But those students are the exception right now. I would like to make them the standard. Consider what you are getting into, and if you decide you to stick with it, follow through. Know the deadlines. Pay attention to developments. Keep in touch.

Please be aware of the new wait list policy at Citrus. Students who attempt to add a full course are now automatically wait-listed on Wingspan by the school (not the instructor) and will be added automatically in the order they attempted to add the course as spaces become available (up to the day before classes begin). However, once the semester has started, that list becomes null and void, and instructor will control add process.
That being said....

If you'd like to add, there are some basic things that you should do, no matter whose class it is. These tips will help you not only to appear organized and thoughtful, but also maximize both your and your instructor's time. Here are some basic guidelines:

  • When you send an e-mail, identify yourself with your name and the specific class... not just the code number, but the specific class such as English 103 or a Math 101 and the dates and times or distance ed as applicable. Keep in mind that most instructors certainly teach more than one class and many times they teach more than one section of a particular course. Simply saying "I want to add your class" or even "I want to add your math 103" is not enough information.
  • Include the following information in your e-mail.
    • your first and last name
    • the course name and number
    • the date and time
    • the semester
  • Send it from the e-mail address that you will check and you expect to be using. That way all they have to do is simply reply to you.
  • Make sure you're sending the correct e-mail to the correct instructor. There's nothing less impressive than an e-mail which asks an English instructor for a history class.
  • Also keep in mind that a long story not necessarily going to sway them. Until the school comes up with an automated system of wait listing, most instructors are going waitlist people according to when they were contacted. It is always a good idea to ask or to check their website if they have a different policy.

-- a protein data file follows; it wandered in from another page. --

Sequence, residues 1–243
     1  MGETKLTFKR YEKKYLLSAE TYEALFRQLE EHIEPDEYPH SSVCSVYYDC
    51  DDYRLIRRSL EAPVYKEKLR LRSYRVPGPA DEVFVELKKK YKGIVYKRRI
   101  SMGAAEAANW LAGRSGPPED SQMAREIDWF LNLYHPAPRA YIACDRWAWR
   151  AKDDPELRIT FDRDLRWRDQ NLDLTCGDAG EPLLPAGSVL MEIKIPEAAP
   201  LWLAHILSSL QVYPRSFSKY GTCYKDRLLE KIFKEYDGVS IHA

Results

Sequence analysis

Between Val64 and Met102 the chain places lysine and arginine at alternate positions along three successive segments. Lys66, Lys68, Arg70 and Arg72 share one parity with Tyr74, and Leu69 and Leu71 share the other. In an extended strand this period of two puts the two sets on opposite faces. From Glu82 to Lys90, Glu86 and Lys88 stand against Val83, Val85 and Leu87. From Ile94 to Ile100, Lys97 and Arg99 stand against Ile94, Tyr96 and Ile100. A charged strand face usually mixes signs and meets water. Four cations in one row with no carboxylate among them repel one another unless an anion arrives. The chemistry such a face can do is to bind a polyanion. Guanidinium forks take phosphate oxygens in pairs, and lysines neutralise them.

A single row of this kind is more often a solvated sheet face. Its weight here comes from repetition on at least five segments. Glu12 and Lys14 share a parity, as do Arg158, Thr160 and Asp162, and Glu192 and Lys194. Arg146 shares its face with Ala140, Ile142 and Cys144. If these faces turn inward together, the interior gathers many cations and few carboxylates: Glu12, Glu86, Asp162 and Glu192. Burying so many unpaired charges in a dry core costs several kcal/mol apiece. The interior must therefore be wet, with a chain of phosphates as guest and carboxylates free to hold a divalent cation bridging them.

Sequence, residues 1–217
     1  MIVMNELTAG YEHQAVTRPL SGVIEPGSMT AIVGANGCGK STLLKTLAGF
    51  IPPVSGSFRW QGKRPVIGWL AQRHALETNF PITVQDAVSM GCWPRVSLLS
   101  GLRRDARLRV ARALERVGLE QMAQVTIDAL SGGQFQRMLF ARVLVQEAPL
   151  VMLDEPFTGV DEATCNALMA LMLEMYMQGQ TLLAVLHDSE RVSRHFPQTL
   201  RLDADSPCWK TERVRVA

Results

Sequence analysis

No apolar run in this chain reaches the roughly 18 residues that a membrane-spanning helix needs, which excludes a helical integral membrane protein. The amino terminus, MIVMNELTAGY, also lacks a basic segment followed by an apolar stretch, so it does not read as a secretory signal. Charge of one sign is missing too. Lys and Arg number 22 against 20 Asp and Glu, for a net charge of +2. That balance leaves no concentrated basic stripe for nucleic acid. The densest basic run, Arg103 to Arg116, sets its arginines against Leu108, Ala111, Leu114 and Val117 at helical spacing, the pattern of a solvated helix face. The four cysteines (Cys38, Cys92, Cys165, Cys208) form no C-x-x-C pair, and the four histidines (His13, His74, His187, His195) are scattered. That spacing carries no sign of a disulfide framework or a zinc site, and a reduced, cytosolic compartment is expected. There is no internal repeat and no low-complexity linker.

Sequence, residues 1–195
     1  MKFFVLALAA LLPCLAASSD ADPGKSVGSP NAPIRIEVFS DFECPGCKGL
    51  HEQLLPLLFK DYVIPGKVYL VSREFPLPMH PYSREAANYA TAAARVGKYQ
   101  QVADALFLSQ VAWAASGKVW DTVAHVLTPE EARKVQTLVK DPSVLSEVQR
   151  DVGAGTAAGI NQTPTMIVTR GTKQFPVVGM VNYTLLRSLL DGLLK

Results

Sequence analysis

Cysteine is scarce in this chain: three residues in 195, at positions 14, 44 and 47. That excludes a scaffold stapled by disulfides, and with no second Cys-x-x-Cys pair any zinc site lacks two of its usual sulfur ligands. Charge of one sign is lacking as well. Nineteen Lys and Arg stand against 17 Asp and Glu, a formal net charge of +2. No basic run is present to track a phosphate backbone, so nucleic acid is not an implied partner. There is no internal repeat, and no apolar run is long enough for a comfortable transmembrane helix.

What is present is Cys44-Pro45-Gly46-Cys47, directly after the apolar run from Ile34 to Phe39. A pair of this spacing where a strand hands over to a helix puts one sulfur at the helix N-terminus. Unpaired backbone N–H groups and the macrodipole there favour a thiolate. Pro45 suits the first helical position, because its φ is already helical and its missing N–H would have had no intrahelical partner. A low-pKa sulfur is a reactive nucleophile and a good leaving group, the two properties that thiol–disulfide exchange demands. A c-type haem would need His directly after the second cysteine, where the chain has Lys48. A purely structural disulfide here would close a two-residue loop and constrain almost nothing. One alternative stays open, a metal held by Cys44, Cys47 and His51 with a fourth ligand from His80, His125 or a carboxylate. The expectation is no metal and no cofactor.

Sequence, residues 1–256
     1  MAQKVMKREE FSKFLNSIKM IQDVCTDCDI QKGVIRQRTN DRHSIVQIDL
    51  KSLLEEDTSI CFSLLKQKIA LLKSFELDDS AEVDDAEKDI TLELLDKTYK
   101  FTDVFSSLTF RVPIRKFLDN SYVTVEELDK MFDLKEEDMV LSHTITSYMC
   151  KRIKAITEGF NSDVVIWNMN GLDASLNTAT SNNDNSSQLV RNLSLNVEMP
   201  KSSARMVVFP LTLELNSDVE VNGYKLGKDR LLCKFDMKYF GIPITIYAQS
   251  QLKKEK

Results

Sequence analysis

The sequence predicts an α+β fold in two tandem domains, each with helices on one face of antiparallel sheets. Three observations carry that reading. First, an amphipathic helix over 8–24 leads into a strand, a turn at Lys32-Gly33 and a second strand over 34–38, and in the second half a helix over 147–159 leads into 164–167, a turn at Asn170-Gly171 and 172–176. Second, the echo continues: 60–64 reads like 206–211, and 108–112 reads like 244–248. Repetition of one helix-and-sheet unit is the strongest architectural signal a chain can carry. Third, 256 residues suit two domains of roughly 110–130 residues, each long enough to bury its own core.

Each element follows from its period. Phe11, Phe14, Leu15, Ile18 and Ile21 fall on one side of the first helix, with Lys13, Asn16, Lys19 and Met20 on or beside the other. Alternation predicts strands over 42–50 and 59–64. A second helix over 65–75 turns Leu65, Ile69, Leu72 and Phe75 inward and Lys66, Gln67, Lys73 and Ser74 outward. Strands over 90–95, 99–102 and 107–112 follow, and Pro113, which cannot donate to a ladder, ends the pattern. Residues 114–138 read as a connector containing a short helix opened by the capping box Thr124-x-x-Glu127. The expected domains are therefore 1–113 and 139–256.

• If the class you require is a distance ed course, keep in mind that many times the instructor will have to wait at least into the first week of regular class to figure out who is attending and who's not before they can add people.
  • Also keep in mind that a distance education course does not have unlimited enrollment. For courses that require the grading of a paper or handwritten tests, the workload is the same whether there are people in a classroom or people online. Your instructor will have his or her limits. Respect them.
  • If the course is on campus, make sure that you still show up to class the first day and identify yourself as someone who has contacted the instructor by e-mail in advance. That may get you to the front of the line that is sure to be forming outside the room.
  • Wait for instructions. Harrassing the instructor with repeated requests is not necessarily going to help you. It might have negative consequences.
  • Expect nothing. Competition for classes is fierce, and until the economic situation changes for Cal States and other universities (as well as job retraining), community college classes will be impacted with students, and those who have priority are likely to hold on to their classes more because they know that getting a different class is unlikely.

© T. T. Eiland, January 1998
Last modified: January 25, 2012